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Utahn with 5 DUI convictions sent to prison for killing 13-year-old bicyclist

<i></i><br/>A Saratoga Springs man who pleaded guilty to automobile homicide was ordered to spend at least one year and up to 20 years in prison for causing the death of 13-year-old Eli Mitchell
Lawrence, Nakia

A Saratoga Springs man who pleaded guilty to automobile homicide was ordered to spend at least one year and up to 20 years in prison for causing the death of 13-year-old Eli Mitchell

By Emily Ashcraft

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    WEST JORDAN, Utah (KSL) — A Saratoga Springs man who pleaded guilty to automobile homicide was ordered Monday to spend at least one year and up to 20 years in prison for causing the death of 13-year-old Eli Mitchell, who was riding his bike when he was struck last April in West Jordan.

At the sentencing hearing for Mason Andrew Ohms on Monday, Eli’s family expressed how hard recovering from the loss of their son, grandson and brother has been. His grandfather, Glendon Mitchell, described the grief Eli’s cousins have felt as well, and said there is no way to explain the lifelong impact of this loss.

“Nothing could prepare them to deal with the horrific nature of these crimes,” he said.

He read comments from a few people who witnessed the incident on April 26, 2022, and had grief and trauma following their experience — including a retired intensive care unit nurse who was the first person to reach Eli — and said officers and paramedics at the scene were also impacted.

Mitchell said Ohms, 51, was drinking for six hours before hitting Eli with his vehicle, and then arrived home about two hours later, likely putting many others in danger.

“No reasonable person would do such a thing, impaired or not,” he said.

Eli’s mom, Lisa Mitchell, said Ohms was seen leaving a bar just one minute before he hit and killed Eli who was riding his bike back from the grocery store.

She said she had just given her son a new debit card, something he had asked for throughout the year. He was eager to go use that card and went to the store on his bike instead of waiting for his mom to drive him after his sister’s soccer game. Her last memory of Eli is him energetically heading for his bike.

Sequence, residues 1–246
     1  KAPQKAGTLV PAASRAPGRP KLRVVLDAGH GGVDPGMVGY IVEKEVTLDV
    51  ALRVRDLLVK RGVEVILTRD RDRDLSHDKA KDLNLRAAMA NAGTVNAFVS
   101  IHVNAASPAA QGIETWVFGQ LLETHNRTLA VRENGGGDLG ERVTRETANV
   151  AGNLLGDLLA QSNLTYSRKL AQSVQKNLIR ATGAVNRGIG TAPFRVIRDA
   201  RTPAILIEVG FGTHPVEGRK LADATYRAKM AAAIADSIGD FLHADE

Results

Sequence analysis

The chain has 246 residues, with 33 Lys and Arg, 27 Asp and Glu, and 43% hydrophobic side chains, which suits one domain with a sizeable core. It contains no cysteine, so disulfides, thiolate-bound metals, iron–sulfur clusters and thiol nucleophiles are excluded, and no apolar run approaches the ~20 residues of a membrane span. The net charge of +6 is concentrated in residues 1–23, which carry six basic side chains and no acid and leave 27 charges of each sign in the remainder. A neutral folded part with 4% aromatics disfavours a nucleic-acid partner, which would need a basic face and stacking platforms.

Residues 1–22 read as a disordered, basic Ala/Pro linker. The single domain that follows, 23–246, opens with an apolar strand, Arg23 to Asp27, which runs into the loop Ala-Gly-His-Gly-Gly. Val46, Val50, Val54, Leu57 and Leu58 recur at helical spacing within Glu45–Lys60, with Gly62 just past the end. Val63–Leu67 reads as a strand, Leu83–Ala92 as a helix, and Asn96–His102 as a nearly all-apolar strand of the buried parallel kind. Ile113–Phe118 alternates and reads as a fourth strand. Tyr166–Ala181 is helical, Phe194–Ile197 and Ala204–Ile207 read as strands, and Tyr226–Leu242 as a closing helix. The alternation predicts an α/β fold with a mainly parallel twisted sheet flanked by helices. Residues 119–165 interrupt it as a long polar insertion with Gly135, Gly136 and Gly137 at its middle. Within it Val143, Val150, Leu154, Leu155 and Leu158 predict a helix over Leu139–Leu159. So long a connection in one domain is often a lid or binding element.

Eli was in a crosswalk at 1510 W. 9000 South in West Jordan when Ohms made a right turn at a red light and hit him. The family said both the front and back tires went over Eli, and Ohms continued driving, despite flipping around and seeing the scene and also having Eli’s bike caught under his truck, which he later stopped to remove.

“My life will never be the same without Eli here. I shed tears every day and I am sure I will for the rest of my life until I get to see him again. I don’t think you ever recover from losing a child. I don’t think the pain will ever go away,” Lisa Mitchell said.

She said she is dedicating her life to living like Eli, who did everything big, and fit so much into his 13 years. When she is sad, she thinks about Eli, who she knows would want her to find joy and live her best life.

Ohms’ sentence Third District Judge Paul Parker issued the sentence on Monday at a hearing in the Matheson Courthouse which was attended by many family members and friends of both Eli and Ohms.

Ohms will spend between one and 15 years in prison for automobile homicide, a second-degree felony, and a term of zero to five years for failure to remain at an accident involving death, a third-degree felony. Parker ordered the sentences to run consecutively, noting that Ohms drove off leaving a little boy on the street and he couldn’t justify not including that action separately.

He said the sentence was not meant to be a statement to the community or a judgment of whether Ohms is a good or bad person. He encouraged the family to forgive, but said the court needed to be just with its punishment in this case.

Ohms has been convicted of DUI five times in the past, Parker said, and has also been caught driving on a suspended license.